M57, The Ring Nebula
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August 26, 2012
M57, the Ring Nebula, is one of the first things I looked at visually when I became interested in astronomy. It looked like a cosmic smoke ring in my first decent scope, an 8″ Schmidt-Cassegrain. There are two stars inside the ring that I have seen distinctly only once using my 20″ reflector, and indistinctly just a few times. And yet the brightest part of the ring makes it pretty easy in binoculars (except that it’s small). So bottom line is it’s good with just about any kind of optical aid. Images capture the pretty colours of the nebula and the surrounding stars, and deep images with special filters can capture the faint ruffled outer shell. If you have binoculars or a scope, this object is well placed in the evening just after dark, high in the northeast, smack-dab between two bright stars in Lyra. One of these stars is Sheliak, which will be well know to Star Trek Buffs. See http://en.memory-alpha.org/wiki/Sheliak to find ouit more about the brutish Sheliak people and their home world.
This planetary nebula is the glowing shell of a dying star, the star in the centre of the ring. The red is mostly from glowing hydrogen atoms, the blue-green is mostly from glowing oxygen atoms. Nebulae gradually expand and dissipate. Photos of M57 over the last 50 years confirm that it is expanding. When your great-treat-great-great-great-grandchildren look at it, it will be quite a bit bigger and a lot fainter!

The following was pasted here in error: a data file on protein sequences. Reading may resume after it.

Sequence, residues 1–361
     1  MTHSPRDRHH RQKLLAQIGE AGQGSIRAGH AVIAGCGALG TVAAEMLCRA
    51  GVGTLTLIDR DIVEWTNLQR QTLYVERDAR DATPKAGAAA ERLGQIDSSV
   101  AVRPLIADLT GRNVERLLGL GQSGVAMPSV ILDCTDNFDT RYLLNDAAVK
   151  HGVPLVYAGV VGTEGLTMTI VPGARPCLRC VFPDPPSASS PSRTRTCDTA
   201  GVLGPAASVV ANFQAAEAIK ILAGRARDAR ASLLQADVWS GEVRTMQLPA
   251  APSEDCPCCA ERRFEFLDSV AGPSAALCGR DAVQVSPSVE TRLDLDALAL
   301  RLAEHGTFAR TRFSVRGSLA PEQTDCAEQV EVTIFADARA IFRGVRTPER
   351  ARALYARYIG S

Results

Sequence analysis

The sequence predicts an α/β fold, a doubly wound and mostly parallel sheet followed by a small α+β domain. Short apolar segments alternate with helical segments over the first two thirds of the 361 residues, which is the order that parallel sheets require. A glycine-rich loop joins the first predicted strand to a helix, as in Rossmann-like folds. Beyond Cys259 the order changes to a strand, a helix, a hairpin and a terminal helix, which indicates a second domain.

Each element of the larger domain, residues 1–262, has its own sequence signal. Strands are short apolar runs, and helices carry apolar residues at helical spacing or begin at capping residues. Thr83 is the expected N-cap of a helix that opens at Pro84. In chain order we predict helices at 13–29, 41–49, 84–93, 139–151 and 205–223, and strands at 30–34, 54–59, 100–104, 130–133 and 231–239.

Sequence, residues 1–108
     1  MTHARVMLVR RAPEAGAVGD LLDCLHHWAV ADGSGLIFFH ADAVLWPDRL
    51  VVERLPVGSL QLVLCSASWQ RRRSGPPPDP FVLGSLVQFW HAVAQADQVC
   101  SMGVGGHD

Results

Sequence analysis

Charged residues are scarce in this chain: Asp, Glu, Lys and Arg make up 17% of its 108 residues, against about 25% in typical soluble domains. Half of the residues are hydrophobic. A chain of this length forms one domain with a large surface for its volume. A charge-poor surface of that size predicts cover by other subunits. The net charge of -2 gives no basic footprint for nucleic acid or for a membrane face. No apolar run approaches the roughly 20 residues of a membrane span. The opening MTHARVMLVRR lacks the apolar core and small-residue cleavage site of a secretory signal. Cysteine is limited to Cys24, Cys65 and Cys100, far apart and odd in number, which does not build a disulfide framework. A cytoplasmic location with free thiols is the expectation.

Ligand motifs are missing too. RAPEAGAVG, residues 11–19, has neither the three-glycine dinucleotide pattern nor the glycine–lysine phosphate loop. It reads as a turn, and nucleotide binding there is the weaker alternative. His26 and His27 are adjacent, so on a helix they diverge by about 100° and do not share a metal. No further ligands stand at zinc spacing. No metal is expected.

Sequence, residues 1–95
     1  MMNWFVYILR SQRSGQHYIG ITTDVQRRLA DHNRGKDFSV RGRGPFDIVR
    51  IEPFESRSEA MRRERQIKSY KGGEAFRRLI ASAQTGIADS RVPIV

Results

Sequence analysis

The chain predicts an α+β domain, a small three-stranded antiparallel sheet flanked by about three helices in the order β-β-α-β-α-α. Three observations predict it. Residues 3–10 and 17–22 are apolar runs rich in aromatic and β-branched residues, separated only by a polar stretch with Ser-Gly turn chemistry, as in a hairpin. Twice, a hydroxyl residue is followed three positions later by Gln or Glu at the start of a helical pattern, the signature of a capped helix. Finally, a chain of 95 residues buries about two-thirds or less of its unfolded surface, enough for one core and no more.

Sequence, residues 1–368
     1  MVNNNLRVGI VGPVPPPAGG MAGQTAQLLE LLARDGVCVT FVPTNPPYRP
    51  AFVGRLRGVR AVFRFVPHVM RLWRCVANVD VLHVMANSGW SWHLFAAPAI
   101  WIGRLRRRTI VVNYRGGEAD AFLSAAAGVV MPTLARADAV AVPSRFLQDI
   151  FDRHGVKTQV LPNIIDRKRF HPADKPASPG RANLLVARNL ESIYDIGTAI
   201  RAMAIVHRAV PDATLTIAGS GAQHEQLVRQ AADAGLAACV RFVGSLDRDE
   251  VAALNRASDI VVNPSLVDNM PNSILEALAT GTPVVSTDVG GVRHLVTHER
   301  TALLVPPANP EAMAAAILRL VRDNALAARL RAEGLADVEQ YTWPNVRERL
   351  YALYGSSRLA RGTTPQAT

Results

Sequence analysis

SBIG STL-11000M camera, Baader LRGB filters, 10″ f/6.8 ASA astrograph, MI-250 mount. Guided with STL-11000’s internal guider. Acquistion, guiding, calibration, registration and integration all done using Maxim-DL. All other processing in PixInsight. Shot from my SkyShed in Guelph, Ontario. Nearly first quarter moon. Average transparency and below average seeing.
5x3m R,G and B for a total of 45 min RGB. 6x10m Ha for a total of 1 hr Ha. Total exposure time was 1 hr 45m.
The RGB and Ha files produced in MaximDL were cleaned up in PixInsight with DynamicBackgroundExtraction, and then registered and cropped. The HaRGBCombine script was then used to combine Ha and RGB images. The HaRGB image was processed as follows: Colour calibration was applied followed by deconvolution, histogram stretch, ACDNR (small scale), histogram stretch. At this point, I wanted to bring back the blue-green centre of the nebula without losing the faint red outer shell. I made a mask from the RGB shot and then blurred it a little. Then I stretched the RGB image so it could be combined with the HaRGB using PixelMath. I used PixelMath to to replace the HaRGB with RGB only in the central part of the nebula. Image scale is about 1.1 arcsec per pixel for this camera / telescope combination.
FABULOUS PHOTOGRAPH! I needed an Art class in college, so I took photography in hopes of using it on a telescope. Life happened, and astrophotography didn’t. I allowed myself to get TOO BUSY! Life has been very good to me in many other ways.